ULA’s Atlas 5 launches U.S. Space Force experimental missile-warning satellite
WASHINGTON — A United Launch Alliance Atlas 5 rocket on July 1 launched the USSF-12 mission for the U.S. Space Force. The rocket lifted off at 7:15 p.m. Eastern from Space Launch Complex-41 at Cape Canaveral Space Force Station, Florida.
The $1.1 billion USSF-12 mission to geosynchronous Earth orbit carried two satellites: the Wide Field of View (WFOV) missile-warning spacecraft for the U.S. Space Force, and a ring-shaped payload adapter with six classified smallsat experiments for DoD’s Space Test Program.
This was the 94th mission of the Atlas 5 rocket. The vehicle’s first stage was powered by an RD-180 engine and four solid rocket boosters, and the Centaur upper stage by an Aerojet Rocketdyne RL10C-1 engine. To encapsulate the satellites, ULA used a 5.4-meter diameter payload fairing made by Beyond Gravity (formerly RUAG Space).
WFOV is a mid-sized spacecraft made by Millennium Space Systems with an infrared sensor payload developed by L3Harris Technologies under a 2016 contract from the U.S. Air Force. WFOV is a testbed satellite, meaning that it is not part of an operational missile-warning constellation but a stand-alone experiment.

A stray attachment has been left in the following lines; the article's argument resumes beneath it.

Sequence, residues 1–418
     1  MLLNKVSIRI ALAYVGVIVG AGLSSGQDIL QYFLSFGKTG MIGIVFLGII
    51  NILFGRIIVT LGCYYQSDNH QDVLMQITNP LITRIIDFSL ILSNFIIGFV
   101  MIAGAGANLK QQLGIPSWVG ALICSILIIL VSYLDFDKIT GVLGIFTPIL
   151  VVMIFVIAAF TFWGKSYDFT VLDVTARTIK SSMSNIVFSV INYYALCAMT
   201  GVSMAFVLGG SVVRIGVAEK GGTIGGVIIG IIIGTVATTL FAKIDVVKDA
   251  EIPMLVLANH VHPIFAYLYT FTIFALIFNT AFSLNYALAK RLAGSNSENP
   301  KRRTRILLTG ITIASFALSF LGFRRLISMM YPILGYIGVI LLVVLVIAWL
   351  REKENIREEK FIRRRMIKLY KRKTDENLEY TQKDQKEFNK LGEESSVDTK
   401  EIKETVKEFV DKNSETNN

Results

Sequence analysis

At 1,000 kilograms, WFOV is about one-fourth the size of the Space Based Infrared System (SBIRS) spacecraft that currently perform strategic and tactical missile warning for the Defense Department. ULA will launch the SBIRS-6 satellite in late July.
The WFOV satellite, equipped with a staring sensor, will be used to test different ways to collect and report missile launch data. The Space Force said the research will inform the design of future missile-warning satellites. WFOV will be able to continuously monitor up to one-third of the Earth’s surface.
The ring-shaped smallsat carrier payload, known as a propulsive ESPA ring, was built by Northrop Grumman.
The Space Systems Command in a news release confirmed both satellites on USSF-12 reached orbit six hours after liftoff, a trajectory requiring three Centaur engine burns. ULA used an in-flight power system to keep the WFOV satellite’s batteries topped off throughout the six-hour flight to geosynchronous orbit.